By Adam Parsons Reviewed by: Silvia Maroto

Growing cannabis isn’t a walk in a park. At least growing great cannabis isn’t. You need to know a lot of things to optimise the health and yield of your plant. One piece of information that is important to consider is the sugar level of your plant. This might seem like a strange variable, but it’s actually one of the biggest factors affecting cannabis growth, ultimately dictating the weight of your harvest. If a plant produces enough sugar and distributes it to the right places around its structure, you can expect a haul of fat buds.

Thus, it’s essential for growers to know how sugar is distributed around your plant, as well as how you, the grower, can boost sugar development.


We’ve all heard of photosynthesis. Photosynthesis is a natural process through which most plants are able to transform solar energy into oxygen (O₂) and glucose (sugar).

There are a variety of ways to enhance this process and encourage greater sugar production. But it’s not just about adding supplements; sugars must reach the right places throughout the plant, with some areas requiring more than others.

The principle behind sugar distribution is called “sink strength” where sugar flows or “sinks” through its different organs. However, the speed of the flow varies, and the buds are the ones that need and receive most of the sugar.


Also, younger foliage requires more sugar because it is still growing. Meanwhile, the older and mature leaves need less. The unabsorbed sugar doesn’t go to waste though, as it is transferred to the young leaves.

This might sound like a straightforward process, but it really is quite complex. In fact, there’s a lot of competition going on as every part of the plant pulls whatever sugar they can get. The harder the pull, the more sugar goes into it. This means that the organs with stronger suction get more sugar.

We can calculate how efficiently sunlight is being converted to sugar by measuring carbohydrates (simple sugars) contained within the sap of cannabis leaves. The process may sound complicated, however, with a brief overview of brix levels and a cheap, straightforward instrument, novice and experienced cultivators can unlock invaluable growing prowess.



Brix is a scientific term used to measure the amount of light that changes direction when passing through any liquid or solid. Place any object into water and it appears to bend. In reality, the light outside the water travels at a higher speed than the light within the water. The difference in density of the two substances is what results in the optical illusion. By measuring the angle at which light travels through sap, it is possible to calculate the degree of refraction taking place. The brix level obtained via the use of a refractometer will give growers an indication of the sugar density of sap, and thus the strength of the plant.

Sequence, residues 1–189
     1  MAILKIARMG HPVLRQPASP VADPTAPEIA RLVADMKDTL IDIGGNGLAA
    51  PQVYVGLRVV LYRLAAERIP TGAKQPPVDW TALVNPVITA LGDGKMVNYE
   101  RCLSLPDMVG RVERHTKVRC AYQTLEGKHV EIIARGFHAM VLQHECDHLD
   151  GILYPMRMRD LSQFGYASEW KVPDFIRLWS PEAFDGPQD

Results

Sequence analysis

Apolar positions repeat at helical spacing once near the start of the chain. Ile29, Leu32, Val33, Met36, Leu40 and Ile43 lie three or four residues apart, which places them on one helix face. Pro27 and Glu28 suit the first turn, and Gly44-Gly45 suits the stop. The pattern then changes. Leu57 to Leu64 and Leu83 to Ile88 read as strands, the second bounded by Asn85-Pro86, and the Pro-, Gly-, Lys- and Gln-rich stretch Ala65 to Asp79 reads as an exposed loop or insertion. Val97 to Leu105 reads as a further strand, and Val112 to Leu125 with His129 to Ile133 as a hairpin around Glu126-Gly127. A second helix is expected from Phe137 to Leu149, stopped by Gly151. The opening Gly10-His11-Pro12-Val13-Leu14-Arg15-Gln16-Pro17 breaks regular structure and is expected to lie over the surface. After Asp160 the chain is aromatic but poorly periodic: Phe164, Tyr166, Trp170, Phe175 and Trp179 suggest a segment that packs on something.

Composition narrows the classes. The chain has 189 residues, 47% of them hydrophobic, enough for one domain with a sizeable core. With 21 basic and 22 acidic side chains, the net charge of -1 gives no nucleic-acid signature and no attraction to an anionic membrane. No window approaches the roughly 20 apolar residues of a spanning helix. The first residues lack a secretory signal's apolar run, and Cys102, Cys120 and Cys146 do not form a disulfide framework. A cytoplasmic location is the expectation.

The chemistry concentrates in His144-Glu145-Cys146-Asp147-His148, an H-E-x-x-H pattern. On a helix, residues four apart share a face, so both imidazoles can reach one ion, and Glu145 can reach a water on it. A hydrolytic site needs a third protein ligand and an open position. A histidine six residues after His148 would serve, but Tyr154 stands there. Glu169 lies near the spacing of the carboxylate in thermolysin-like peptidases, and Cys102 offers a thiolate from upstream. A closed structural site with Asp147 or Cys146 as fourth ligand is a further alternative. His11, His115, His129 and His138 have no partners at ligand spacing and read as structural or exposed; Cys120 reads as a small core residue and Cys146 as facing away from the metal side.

Remember, higher sugar content means fatter buds, and a greater brix percentage is indicative of this. Although other compounds within sap will alter the angle at which light refracts, sugar—or in this case carbohydrates—is one of the largest molecules, and as a result, its effect on light is stronger than other, smaller molecules.


Thankfully, handheld refractometers are inexpensive and simple to use, a win-win for cannabis growers, no matter their budget or experience. Start by applying some distilled water to your refractometer; a reading of 0% brix will ensure it is properly calibrated. By opting for a digital refractometer, the process becomes even more straightforward. Once you are happy the device has been sufficiently tuned, place a few drops of sap squeezed from a rolled cannabis leaf into the well hole and press the switch. The digital display will indicate the brix level.

One final note on calculating brix; temperature can also be a factor in how light behaves when it passes through an object. Most brix meters will automatically factor temperature into their reading, however, as a precaution, make sure any liquids you are trying to read are at room temperature first.